MENU
 Registered users can save articles to their personal articles list. Login here or sign up here
  Author profile
In this story
 Registered users can save articles to their personal articles list. Login here or sign up here

Sovereign Foods looks to exports as home market bites

The small cap has big plans in the Middle East.

SA’s poultry producer Sovereign Foods is on the prowl for export opportunities as it continues to be whacked in its home market, along with its counterparts, by cheap chicken imports and drought-related higher maize prices.

Sovereign, SA’s fourth largest poultry producer in terms of bird production capacity, is looking to entrench its position in the Middle East as its sees more export opportunities beyond Dubai, where it currently supplies the market with its fully cooked and raw chicken products.

Speaking after the release of its results for the year to end-February, CEO Chris Coombes says the company is keen to grow its exports while the industry has been relatively slow in diversifying to regions beyond SA. “Exports are part of the solution for the [struggling] poultry industry… If most companies [globally] have viable export businesses, we should as well,” says Coombes.

Sovereign will use its current export market of Dubai to grow its footprint in the Middle East. It currently supplies food service companies in Dubai with chicken, which they later repackage into their own brands.

The company grew its full-year revenue by 25% to R2.2 billion, with group sales volumes of chicken products increasing by 18%.  However, it recorded a loss of R35.5 million compared with profits of R81.1 million in the previous period, as a result of once off costs including legal costs relating to the unsuccessful takeover bid by its rival Country Bird Holdings.

Poultry companies have been vocal in their opposition to the sheer quantity of cheap bone-in chicken imports from the US and Europe and new regulations that limit the controversial practice of injecting salt water into individually quick frozen chicken (IQF) to make it plumper, known as brining. 

On the latter, the brine regulations were made effective in October last year by the Department of Agriculture, Forestry and Fisheries, which imposed a cap of 15% brine from 30% on IQF portions and 10% on whole chickens. In simple terms, 30% of the frozen chicken that consumers bought was simply water.

Chicken producers have been criticised for failing to boost their exports to ride out difficult local market conditions, even when the rand exchange rate became favourable.

Coombes admits that the industry has been lax, but adds that in some cases, export legislation and regulation makes it difficult to play in global leagues. “South Africa is precluded from exporting raw material products as there are certain rules and other barriers to entry that are in place. However, we can export fully-cooked products as they don’t have barriers that raw products have.”

Once the regulatory market is clear of any barriers, Coombes sees the company exporting to large poultry markets including the US and even the European Union.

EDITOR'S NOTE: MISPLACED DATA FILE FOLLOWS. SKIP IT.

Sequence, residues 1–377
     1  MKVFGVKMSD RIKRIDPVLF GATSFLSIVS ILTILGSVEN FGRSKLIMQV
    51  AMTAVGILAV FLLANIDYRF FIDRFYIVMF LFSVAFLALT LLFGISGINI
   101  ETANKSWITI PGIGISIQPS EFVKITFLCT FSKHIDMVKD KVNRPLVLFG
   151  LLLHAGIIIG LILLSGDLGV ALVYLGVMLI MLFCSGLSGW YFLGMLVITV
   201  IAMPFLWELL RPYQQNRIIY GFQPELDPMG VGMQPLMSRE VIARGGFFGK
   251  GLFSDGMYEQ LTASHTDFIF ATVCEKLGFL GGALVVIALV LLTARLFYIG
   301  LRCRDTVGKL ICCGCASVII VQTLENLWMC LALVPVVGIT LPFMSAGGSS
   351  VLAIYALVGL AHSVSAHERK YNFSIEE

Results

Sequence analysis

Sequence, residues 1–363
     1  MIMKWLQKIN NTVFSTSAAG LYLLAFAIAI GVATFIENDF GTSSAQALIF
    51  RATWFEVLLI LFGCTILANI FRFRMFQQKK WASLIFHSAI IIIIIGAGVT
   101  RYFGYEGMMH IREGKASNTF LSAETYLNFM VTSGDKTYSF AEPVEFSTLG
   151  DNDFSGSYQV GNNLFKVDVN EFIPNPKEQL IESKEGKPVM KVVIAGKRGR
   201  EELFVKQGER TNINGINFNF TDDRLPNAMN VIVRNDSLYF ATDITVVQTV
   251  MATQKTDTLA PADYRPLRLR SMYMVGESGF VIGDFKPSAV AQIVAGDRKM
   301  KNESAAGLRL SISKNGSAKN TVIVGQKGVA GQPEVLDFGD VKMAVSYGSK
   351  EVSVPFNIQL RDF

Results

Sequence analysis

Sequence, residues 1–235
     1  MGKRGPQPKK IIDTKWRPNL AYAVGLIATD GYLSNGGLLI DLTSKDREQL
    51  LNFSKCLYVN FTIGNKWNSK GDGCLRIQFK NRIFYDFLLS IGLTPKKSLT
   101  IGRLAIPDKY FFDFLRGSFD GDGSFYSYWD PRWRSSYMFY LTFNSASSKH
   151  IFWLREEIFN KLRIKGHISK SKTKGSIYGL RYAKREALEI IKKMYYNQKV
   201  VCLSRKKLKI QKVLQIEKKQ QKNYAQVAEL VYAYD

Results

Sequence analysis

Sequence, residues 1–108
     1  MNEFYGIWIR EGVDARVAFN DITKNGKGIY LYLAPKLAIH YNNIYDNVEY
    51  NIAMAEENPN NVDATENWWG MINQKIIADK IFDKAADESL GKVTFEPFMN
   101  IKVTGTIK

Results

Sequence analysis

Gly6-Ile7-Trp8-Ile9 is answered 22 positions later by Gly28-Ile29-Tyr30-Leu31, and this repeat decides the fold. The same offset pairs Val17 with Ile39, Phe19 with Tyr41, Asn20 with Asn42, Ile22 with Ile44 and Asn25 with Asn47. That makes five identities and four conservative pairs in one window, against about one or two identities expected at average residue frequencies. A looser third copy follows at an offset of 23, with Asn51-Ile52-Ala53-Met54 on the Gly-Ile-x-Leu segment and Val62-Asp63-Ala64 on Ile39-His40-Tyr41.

The small-cap company (R727 million at the time of writing) won’t be looking at neighbouring African countries due to protectionist measures governments have on imports to protect local producers.

During the period under review, Sovereign’s exporting business represented 25% of group turnover, but Coombes didn’t comment on the preferred level of revenue to be generated from exports in the coming years.

The company and its peers will remain vulnerable to volatile maize and soya prices. In the case of Sovereign, maize and soya accounts for about 60% and 25% of the cost of feeding a chicken respectively.

Damon Buss, an equity analyst at Electus Fund Managers, says although input prices (such as white and yellow maize) have declined as drought conditions have eased, a number of weather agencies globally are warning of a 50% chance of El Niño drought conditions.  “Hence low soft commodity prices may be more temporary than initially thought,” he says.

The new brining regulations, which have resulted in chicken being sold at higher prices for less product, might continue to impact the demand and volume sales of chicken, says Buss.

Looking for a financial education solution for your staff?

  • This field is for validation purposes and should be left unchanged.
More stories from Moneyweb
Charl Botha

Charl Botha

Futurewealth
Moneyweb Click an Advisor
   No comments so far

To comment, you must be registered and logged in.

LOGIN HERE

Don't have an account?
Sign up here

Latest Currencies

ZAR / USD
ZAR / GBP
ZAR / Euro

MONEYWEB NEWSLETTERS

Subscribe to our mailing list

* indicates required
Moneyweb newsletters

Podcasts

Moneyweb Investor Issue 25

If the world's best investment managers, who came together at a recent CFA conference, cannot figure whether a crash or correction is looming, ordinary investors can be forgiven for their hesitation. Thus the June issue of The Moneyweb Investor does its best to fill the gaps. With 17 stories and a podcast, you wouldn't want to miss it.

Follow us:

Search Articles:Advanced Search
Click a Company:
server: 172.17.0.2